More impressively, his team announced over 5 million individual contributions, which were on average just $18. After those numbers were announced on Monday, #PresidentSanders started trending on Twitter. 

On top of that, Bernie seems to be riding steadily atop the polls – currently in first place in New Hampshire, second in Iowa, and second nationally, according to Real Clear Politics. He’s also basically tied with Biden for first in delegate-rich California – where voters may begin receiving mail-in ballots soon after February 3rd.

Ad Spending

In total, Bernie Sanders’ campaign has spent around $9 million on Facebook and Google ads this cycle.

That’s slightly less than the Buttigieg and Warren campaigns, but ahead of Biden and most others. FWIW, his ad strategy has been very conventional compared to the other frontrunners, and the vast majority of ads have just focused on small-dollar fundraising. 

Here’s a breakdown of which issues and keywords have been most prominently featured in his campaign’s Facebook ads over the past year:

Bernie strikes back

Bernie’s campaign seems to be one of the most aggressive when it comes to taking on other candidates. His team has messaged against the perceived centrism of Buttigieg and Biden in their fundraising appeals – and Sanders attacked Mayor Pete for his “wine cave” fundraiser days before the line went viral during December’s Democratic debate. (Just check out peteswinecave.com)

His campaign’s Facebook ads mentioning his Democratic opponents are usually fundraising-focused and mention closing the gap in the polls:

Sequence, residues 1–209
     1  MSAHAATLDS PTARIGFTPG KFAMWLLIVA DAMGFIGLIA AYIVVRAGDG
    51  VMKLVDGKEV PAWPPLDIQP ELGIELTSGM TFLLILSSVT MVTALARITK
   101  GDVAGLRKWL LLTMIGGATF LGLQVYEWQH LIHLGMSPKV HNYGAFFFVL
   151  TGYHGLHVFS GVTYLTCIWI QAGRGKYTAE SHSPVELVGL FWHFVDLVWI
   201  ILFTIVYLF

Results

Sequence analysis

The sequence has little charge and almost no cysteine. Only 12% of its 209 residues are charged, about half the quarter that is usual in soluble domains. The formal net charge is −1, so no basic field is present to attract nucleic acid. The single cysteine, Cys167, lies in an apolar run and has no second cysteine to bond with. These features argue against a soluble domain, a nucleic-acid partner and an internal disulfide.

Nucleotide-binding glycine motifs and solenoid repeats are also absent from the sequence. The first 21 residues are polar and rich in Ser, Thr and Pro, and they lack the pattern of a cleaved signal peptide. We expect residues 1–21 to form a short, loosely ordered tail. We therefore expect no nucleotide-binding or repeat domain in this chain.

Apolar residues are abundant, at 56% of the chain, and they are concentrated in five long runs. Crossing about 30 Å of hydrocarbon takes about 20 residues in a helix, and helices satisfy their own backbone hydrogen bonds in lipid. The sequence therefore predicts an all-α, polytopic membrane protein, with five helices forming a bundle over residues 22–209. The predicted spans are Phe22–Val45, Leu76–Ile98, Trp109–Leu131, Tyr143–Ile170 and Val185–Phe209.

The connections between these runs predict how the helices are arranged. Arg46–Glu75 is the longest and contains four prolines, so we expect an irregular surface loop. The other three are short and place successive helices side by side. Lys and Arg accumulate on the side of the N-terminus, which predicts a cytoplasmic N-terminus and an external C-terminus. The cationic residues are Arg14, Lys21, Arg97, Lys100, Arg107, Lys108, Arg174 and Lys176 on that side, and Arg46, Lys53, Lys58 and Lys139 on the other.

Organic engagement

A major pillar of the Sanders campaign online strategy – and where they really shine – is organic engagement and digital organizing. They’re one of the few campaigns with a must-read campaign newsletter, “Bern Notice,” 🔥 in which Sr. Advisor David Sirota blasts out campaign messaging to supporters and journalists. 

[above: an excerpt from the Bern Notice newsletter]

We pointed out months ago that more than any other campaign, the Sanders campaign benefits from the largest organization of supporters in dozens of pro-Bernie Facebook Groups. His fans on Facebook mostly use the groups to share memes and articles, and discuss reasons why they support Bernie. 

Finally, Bernie’s campaign is one of the only in the field with its own proprietary mobile app, and TBH, it’s kind of amazing. 🤓 Called “BERN”, the app uses gamification to get Bernie supporters to complete tasks for the campaign. You can send your friends a survey (so the campaign can collect their data), record and upload a video, sign up to volunteer, and more. 

One more thing… ➡️🤳

That’s all for FWIW this week! But before you go, we have one more ask of you! ⚡️Forward this email to a friend, and follow us on Twitter!

Originally posted at Another Acronym. Re-posted with permission.

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ACRONYM is a nonprofit organization committed to building power and digital infrastructure for the progressive movement.